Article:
Today, I rather uncharacteristically shoved a professor out of the way so that I could meet Zadie Smith, one of my favorite authors. I was just about as breathless as fans in Queen B’s presence. And of course, as I shook her hand and blathered on about how On Beauty is one of my favorite novels EVER, I wondered why, exactly, I wasn’t a bit cooler about the whole situation. After all, Smith, although brilliant, is still just another black woman (biracial, if we’re splitting hairs). She was rocking an Erykah Badu type turban that made her look gorgeous, but would have made me look like Harriet Tubman.
So I shouldn’t have been in awe, necessarily, but I was anyway. She disarmed me with a generous smile and genuine thanks, as though a million people hadn’t already told her that her work was amazing. And then she asked me about my hair, offering a compliment in exchange, as if we were friends on a playground. Of course, it was out of politeness, but still: Zadie Smith and I had a brief, but thorough conversation about my Marley twists. I stopped myself before I offered to do her hair for her. I mean, there are limits.
“How is it being a woman of color and a writer?” I finally asked.
“It’s lonely,” she said. “But hopefully that will change.” And she gave a wry smile and a half shrug.
This year, I have been blessed to meet Julia Alvarez, and Zadie Smith (two of my favorite authors). I listened to Junot Diaz, whose lecture I still refer to in my classes and at tea. Years ago, I met Sonia Sanchez and Paula Giddings (who my friend D. refers to as the Patti LaBelle of black feminist history and theory). Every time I am in the presence of great artists, or even artwork–whether it’s a novel, a poem, a well-produced song–I experience true joy. That work transforms what I think is possible. It feeds me and gives me the energy to return to my own work, even when it may consist of a series of boring tasks.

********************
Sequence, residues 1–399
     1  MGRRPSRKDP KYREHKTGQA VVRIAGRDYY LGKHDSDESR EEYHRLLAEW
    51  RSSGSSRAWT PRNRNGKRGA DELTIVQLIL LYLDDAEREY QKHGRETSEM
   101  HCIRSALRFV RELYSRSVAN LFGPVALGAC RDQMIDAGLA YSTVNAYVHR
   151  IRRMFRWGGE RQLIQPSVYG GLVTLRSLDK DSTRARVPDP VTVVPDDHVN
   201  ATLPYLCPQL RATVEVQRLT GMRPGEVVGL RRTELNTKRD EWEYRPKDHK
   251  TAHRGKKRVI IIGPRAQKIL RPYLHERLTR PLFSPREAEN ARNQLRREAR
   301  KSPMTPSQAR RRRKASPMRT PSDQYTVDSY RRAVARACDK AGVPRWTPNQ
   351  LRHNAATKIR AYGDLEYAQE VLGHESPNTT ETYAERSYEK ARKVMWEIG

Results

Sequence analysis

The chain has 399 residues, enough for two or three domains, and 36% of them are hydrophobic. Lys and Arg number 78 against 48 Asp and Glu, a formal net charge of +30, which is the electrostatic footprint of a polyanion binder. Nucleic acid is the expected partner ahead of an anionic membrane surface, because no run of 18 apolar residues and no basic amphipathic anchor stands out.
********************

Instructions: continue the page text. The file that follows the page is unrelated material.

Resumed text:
As D. and I walked away from the lecture, I settled into my joy.
“I just found out Nelson Mandela died,” D. told me.
I was shocked and saddened by the passing of a man who has accomplished so many great things (an utter understatement for his bravery, impact on South Africa and world history). Hearing about his passing immediately after Zadie Smith’s lecture made me realize that I, too, have a responsibility to do great things–to work diligently, and in a way that honors God and the calling He has given me.
And so, whatever your art form or calling is–writing, musicianship, acting, painting, teaching or the art of life itself–do it, and do it well, even if it doesn’t really pay the bills, and you have to take on 3 jobs, and you’re bleary eyed and working in the middle of the night. Do your art, even though your project will take years. Do whatever it is you were called to do, even when others think its useless, and unmarketable. Be great, even if you, God, and your mom are your only audience members.
Do your art.